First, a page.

Shanghai Disney Resort made the announcement on its official website on Friday, saying the closure was “in response to the prevention and control of the disease outbreak.”
The resort said it will refund guests for admission fees, hotel bookings and other pre-purchased entertainment tickets. It did not say when the park would reopen.
The disease, which originated in the central Chinese city of Wuhan, has already left dozens of people dead and more than 800 infected as it spreads throughout Asia and as far as the United States. At least 10 cities in central Hubei province are facing travel restrictions, including Wuhan. Major cities including Beijing have canceled some or all major Lunar New Year celebrations — a rare, drastic step to reign in the spread of the virus.
But the mega theme park has struggled to win over China’s cost-conscious consumers, and there have reportedly been several complaints about its ticketing policy and food and beverage prices.
Disney said in November that the Shanghai resort saw an uptick in revenue in its fiscal fourth quarter, but higher average ticket prices resulted in “lower attendance” compared to the same period a year earlier.
The closure comes less than two weeks after Shanghai Disney Resort unveiled a series of events tailored for China’s Year of the Rat. The park had completed a “festive makeover” to usher in what it called the “Year of the Mouse.” It launched new holiday festivities, new merchandise, Lunar New Year dining options and made new outfits for Mickey, Minnie and other Disney mascots.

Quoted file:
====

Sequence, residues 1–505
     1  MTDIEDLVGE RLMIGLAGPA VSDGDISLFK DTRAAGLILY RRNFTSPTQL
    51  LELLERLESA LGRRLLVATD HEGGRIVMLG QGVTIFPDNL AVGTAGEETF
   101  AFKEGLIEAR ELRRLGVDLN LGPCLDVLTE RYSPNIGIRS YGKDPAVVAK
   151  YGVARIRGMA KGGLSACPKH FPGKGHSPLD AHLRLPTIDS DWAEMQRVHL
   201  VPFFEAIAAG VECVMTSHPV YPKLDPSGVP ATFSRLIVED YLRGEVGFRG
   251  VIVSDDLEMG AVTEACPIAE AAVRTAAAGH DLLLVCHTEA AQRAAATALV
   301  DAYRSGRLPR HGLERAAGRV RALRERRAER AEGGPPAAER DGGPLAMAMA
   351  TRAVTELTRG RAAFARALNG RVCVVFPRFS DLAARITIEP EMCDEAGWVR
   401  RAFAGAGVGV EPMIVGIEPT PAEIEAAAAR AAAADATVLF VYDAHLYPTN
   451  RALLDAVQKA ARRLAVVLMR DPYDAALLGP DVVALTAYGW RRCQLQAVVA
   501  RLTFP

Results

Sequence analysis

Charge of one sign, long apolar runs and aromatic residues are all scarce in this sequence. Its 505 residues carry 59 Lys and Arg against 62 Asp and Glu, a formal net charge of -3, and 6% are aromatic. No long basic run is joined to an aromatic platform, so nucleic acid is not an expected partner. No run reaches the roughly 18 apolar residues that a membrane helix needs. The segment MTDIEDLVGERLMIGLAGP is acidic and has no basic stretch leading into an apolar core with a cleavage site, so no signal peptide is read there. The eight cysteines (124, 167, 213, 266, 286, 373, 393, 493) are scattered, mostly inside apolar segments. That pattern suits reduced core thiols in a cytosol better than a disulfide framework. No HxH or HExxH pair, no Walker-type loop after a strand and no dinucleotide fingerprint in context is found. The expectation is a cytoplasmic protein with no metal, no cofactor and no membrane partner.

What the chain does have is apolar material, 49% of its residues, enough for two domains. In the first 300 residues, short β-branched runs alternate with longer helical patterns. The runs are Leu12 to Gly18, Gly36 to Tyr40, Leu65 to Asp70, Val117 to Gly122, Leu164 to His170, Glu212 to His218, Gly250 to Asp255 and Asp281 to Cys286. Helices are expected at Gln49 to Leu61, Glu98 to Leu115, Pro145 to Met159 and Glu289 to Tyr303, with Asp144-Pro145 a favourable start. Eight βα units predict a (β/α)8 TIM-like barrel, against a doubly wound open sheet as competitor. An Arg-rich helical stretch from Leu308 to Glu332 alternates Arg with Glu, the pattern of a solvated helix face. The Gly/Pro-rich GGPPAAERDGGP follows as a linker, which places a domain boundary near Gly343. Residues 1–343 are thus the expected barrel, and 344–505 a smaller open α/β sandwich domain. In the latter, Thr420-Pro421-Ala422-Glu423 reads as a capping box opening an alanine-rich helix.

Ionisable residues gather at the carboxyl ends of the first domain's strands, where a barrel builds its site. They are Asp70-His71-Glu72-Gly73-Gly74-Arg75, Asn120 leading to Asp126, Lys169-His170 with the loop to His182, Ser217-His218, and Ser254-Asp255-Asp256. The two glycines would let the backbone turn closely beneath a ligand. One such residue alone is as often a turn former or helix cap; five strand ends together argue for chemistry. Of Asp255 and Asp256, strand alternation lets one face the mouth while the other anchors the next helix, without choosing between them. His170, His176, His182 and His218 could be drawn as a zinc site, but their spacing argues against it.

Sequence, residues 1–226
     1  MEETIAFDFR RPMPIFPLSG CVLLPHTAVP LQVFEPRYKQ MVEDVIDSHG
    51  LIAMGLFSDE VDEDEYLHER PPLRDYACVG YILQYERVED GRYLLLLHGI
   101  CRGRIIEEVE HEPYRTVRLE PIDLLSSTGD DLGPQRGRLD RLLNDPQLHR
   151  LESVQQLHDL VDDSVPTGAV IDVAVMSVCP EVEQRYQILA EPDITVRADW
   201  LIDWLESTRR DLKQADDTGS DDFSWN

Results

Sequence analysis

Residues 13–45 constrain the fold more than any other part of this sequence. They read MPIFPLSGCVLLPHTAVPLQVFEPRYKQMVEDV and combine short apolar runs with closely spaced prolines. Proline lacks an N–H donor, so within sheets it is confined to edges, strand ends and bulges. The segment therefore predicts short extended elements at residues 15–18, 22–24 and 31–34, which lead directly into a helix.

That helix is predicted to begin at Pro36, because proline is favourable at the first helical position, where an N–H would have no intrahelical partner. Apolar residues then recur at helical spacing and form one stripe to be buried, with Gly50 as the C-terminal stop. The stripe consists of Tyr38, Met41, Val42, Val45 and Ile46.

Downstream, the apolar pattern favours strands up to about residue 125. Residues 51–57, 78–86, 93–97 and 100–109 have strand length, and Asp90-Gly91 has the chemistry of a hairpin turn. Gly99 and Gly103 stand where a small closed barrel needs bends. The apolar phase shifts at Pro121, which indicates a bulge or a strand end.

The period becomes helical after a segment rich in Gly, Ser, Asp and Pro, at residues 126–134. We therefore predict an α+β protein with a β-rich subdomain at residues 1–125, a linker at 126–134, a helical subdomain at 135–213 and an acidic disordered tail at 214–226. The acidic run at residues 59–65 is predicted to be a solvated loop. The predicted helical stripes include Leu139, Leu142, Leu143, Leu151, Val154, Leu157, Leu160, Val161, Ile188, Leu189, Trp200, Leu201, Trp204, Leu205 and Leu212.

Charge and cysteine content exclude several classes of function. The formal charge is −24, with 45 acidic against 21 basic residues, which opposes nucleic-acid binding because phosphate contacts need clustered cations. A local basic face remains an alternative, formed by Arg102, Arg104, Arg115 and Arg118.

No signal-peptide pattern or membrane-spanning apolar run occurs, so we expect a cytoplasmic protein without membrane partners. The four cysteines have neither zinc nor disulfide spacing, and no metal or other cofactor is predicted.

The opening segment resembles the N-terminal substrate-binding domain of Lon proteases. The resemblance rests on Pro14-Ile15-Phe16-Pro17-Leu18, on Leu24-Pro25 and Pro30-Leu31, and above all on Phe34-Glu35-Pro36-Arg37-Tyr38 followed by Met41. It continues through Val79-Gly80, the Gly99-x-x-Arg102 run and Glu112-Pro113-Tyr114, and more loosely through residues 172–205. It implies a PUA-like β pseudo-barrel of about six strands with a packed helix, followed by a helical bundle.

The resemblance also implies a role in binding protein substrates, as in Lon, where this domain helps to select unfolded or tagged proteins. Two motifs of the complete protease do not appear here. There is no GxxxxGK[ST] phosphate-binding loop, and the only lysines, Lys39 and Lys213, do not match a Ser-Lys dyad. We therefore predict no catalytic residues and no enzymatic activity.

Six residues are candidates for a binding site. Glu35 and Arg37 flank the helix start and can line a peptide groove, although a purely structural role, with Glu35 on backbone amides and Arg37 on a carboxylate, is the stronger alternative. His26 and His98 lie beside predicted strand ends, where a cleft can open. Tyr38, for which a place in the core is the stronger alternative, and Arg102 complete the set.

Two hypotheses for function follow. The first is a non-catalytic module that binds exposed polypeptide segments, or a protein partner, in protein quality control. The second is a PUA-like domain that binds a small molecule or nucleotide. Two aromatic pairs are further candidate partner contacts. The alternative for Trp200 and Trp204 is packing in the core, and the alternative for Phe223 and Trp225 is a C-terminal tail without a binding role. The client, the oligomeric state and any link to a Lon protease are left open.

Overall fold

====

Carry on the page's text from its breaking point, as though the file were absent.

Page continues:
Other popular tourist attractions, such as the Forbidden City in Beijing, have been shut down in China due to concerns over the Wuhan virus.
More entertainment venues will also feel the hit as people stay indoors and avoid crowded areas.
China’s National Center for the Performing Arts announced on Friday that all performances scheduled between Jan 26th to 30th were canceled. Other venues followed. Beijing People’s Art Theater said it would close on the 24th and did not give a date when it would reopen. Nanjing Jiangsu Theater canceled 9 performances.
Chinese state news agency Xinhua reported on Thursday that blockbuster movies that were set to release during China’s lucrative Lunar New Year holiday have been pulled.
Producers and distributors canceled or postponed all seven Chinese movies — many of them big franchise series films — that were due to hit theaters this weekend, citing the lack of ventilation in movie theaters and the highly contagious nature of the coronavirus.
Ticketing platforms, such as Maoyan, Damai, and Taopiaopiao, said they will refund all tickets that had been pre-purchased by customers.
Leading cinema chain brands, including Jinyi, CGV, Bona, announced before Lunar New Year’s eve that they would be shutting down during the peak holiday season in response to the coronavirus outbreak.
Wanda Cinema, China’s largest film distributor with over 500 cinemas across the country, said it would refund tickets for those who chose not to go the movies.
The holiday is a big draw for moviegoers. Last year, China’s Lunar New Year box office pulled in more than 5 billion yuan ($720.8 million), according to Xinhua.
— Yuli Yang and Hannah Zhang contributed to this report.